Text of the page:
BYOD Options: The More, the Messier

BYODOrganizations are finding increasing value in allowing a wider array of devices to be used for company business. From improved worker satisfaction and productivity to reduced communications equipment costs, this simple perk makes a surprising difference. Before implementing a flexible bring your own device (BYOD) program, a number of key factors must be considered to protect company interests.

Security Provisions

One of the most concerning issues for organizations considering a BYOD program is the perceived lack of control over the device, especially as it relates to security. Any equipment capable of accessing company networks or data represents a point of risk of exposure. An important part of a successful device strategy is to dictate certain requirements for all devices involved.

For example, the policy may call for active anti-virus applications on any devices that will be used. Access to sensitive data may be configured so that a VPN tunnel must be used rather than straight access from a suspicious hotspot or public Wi-Fi. A PIN or password on the device could be another requirement. These types of tactics allow any device to be used with less risk of data loss or compromise.

Employee Training

In some cases, data breaches result from a lack of employee training. Without being educated on why public hotspots could be dangerous, a worker may not think twice about connecting to their work email from the coffee shop’s Wi-Fi. Teaching staff about phishing, rogue applications designed to collect payment and authorization information, and ways to physically protect devices from being lost or stolen increases their awareness. Giving them the tools to help protect the company and themselves minimizes the chance of a security incident from a BYOD connection.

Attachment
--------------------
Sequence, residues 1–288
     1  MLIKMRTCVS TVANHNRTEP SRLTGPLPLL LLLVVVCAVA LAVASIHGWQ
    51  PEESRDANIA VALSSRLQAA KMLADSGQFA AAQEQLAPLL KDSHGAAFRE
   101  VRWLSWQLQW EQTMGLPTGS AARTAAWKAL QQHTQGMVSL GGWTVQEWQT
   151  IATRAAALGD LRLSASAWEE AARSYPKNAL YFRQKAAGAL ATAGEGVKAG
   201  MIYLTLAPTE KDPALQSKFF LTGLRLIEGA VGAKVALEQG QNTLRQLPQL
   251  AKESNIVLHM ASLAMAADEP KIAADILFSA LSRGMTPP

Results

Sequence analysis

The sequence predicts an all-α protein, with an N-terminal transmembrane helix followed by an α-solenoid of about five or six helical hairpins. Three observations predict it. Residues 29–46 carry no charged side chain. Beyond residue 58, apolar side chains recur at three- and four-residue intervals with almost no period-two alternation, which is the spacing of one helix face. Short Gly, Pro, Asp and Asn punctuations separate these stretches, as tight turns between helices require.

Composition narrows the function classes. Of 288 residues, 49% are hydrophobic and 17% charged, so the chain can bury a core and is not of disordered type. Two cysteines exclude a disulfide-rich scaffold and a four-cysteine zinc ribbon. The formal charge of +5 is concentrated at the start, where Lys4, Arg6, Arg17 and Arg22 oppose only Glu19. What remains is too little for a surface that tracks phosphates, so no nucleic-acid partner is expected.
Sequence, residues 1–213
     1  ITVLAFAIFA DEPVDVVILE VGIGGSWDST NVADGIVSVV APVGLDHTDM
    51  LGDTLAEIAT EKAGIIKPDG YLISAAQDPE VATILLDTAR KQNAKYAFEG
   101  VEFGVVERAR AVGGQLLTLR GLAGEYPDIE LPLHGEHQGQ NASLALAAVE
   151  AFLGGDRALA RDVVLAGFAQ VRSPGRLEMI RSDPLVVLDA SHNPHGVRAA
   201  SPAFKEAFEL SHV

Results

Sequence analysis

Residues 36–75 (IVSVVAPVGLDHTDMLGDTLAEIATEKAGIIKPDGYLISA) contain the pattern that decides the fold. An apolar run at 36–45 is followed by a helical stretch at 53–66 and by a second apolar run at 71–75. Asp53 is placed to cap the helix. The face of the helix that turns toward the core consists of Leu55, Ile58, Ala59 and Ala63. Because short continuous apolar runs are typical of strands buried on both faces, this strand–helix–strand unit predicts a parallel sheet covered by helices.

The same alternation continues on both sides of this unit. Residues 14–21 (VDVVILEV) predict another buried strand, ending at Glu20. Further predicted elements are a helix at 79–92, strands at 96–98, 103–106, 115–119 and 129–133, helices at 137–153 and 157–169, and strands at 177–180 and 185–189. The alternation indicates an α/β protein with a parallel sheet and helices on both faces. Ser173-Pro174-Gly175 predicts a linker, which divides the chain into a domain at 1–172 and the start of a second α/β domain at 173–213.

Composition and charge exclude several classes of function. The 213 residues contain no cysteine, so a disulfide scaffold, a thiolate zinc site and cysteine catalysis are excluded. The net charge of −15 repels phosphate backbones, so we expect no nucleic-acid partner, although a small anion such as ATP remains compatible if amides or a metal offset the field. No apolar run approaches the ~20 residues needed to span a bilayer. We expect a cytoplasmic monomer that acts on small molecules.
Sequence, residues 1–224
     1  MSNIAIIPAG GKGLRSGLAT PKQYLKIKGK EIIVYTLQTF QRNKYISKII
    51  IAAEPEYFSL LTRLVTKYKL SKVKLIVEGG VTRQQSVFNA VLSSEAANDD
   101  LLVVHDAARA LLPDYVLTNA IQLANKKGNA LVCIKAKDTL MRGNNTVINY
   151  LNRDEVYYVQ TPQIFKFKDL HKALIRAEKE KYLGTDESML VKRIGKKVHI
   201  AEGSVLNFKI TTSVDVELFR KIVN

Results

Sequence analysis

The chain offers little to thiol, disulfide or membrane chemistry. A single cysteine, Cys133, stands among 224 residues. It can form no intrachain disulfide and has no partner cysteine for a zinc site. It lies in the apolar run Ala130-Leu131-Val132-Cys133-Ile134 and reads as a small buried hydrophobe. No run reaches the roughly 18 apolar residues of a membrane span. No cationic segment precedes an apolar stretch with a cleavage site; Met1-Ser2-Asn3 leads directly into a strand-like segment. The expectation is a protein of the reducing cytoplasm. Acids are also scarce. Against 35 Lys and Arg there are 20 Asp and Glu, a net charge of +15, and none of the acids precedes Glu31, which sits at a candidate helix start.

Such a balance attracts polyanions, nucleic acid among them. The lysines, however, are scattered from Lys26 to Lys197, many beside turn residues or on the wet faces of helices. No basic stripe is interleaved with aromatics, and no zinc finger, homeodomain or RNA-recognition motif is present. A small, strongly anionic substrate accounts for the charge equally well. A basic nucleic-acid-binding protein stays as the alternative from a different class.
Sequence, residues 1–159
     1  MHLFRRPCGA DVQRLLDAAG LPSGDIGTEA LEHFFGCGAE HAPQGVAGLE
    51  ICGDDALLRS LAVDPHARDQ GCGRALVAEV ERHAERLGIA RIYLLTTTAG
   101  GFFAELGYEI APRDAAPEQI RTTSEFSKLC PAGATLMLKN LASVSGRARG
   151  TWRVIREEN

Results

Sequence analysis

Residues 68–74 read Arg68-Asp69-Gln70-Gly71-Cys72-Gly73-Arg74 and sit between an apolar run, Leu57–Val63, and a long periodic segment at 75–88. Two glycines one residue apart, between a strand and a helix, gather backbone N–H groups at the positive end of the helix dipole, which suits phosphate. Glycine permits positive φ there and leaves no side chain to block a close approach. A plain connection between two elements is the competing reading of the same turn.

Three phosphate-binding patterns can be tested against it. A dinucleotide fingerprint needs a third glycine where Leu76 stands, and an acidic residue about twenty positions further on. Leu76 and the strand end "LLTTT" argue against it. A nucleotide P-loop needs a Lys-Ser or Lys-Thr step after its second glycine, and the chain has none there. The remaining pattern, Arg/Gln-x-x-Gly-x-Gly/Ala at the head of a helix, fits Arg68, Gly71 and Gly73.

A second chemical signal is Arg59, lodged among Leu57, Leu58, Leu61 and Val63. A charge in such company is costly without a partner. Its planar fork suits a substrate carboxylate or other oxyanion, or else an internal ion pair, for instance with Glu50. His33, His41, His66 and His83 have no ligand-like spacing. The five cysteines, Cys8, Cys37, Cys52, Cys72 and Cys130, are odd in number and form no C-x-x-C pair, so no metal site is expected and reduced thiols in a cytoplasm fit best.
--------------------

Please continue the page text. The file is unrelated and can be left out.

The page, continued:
Another troublesome “control” issue within BYOD programs is how to terminate access if an employee leaves. Removing company data, applications, and connectivity may seem impossible. However, with today’s mobile device management tools this task becomes painless and efficient. Devices that are lost or stolen can be deactivated or wiped, access can be deleted, and sensitive information tightly secured.

Application Selection

Last but not least, choosing the right applications for use across the company is a necessary part of the BYOD conversation. For example, applications that are strictly on-premise or legacy are going to be out of reach for most, if not all, mobile devices. Ensure that cloud applications are secure and compatible with other company systems before choosing to implement them.

BYOD programs take significant burden off of IT personnel who would ordinarily be inundated with acquiring, provisioning, supporting, configuring, and deactivating devices. Workers get more done with hardware they’re most familiar with and enjoy the freedom to use their preferred devices. Flexible BYOD strategies can be quite effective with an appropriate measure of preparedness. For more information on creating effective mobile policies, contact ROI Networkstoday.

How Video Conferencing Has Boosted the Non-Enterprise Business Population

shutterstock_278932784smRemember when video conferencing (VC) was complicated and expensive to use? Those days are a distant memory as technology has placed this tool in reach of companies of any size. This powerful instrument is now helping small and medium sized businesses (SMBs) save money, grow faster, and do more with less.